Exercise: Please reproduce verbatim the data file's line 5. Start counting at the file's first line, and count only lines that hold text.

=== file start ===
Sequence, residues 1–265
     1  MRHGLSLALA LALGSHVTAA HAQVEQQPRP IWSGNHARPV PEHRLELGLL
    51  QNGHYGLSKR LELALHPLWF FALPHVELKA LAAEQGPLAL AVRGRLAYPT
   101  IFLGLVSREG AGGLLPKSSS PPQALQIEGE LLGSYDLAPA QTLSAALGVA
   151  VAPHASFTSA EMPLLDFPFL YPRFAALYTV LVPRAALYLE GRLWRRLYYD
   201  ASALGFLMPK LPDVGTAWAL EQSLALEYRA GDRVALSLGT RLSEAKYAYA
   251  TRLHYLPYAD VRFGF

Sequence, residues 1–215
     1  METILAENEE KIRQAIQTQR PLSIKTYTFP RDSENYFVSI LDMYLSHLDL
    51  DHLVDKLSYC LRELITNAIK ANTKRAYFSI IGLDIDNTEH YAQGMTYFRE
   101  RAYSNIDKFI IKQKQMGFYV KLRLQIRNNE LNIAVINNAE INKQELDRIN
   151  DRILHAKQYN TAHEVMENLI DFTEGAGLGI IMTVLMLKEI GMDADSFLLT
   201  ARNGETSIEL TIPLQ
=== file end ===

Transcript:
   151  VAPHASFTSA EMPLLDFPFL YPRFAALYTV LVPRAALYLE GRLWRRLYYD